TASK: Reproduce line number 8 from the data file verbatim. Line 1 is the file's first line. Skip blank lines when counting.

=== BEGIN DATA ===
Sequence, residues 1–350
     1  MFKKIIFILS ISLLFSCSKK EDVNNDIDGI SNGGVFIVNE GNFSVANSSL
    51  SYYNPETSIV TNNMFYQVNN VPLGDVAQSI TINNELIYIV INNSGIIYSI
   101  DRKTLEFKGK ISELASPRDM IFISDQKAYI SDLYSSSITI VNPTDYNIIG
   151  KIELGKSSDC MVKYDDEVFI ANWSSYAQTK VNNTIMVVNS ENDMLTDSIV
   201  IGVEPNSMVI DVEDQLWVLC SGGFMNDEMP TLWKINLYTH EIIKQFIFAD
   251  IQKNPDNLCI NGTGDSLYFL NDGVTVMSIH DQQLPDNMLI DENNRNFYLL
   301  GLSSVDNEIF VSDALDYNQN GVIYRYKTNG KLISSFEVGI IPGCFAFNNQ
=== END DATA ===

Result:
   301  GLSSVDNEIF VSDALDYNQN GVIYRYKTNG KLISSFEVGI IPGCFAFNNQ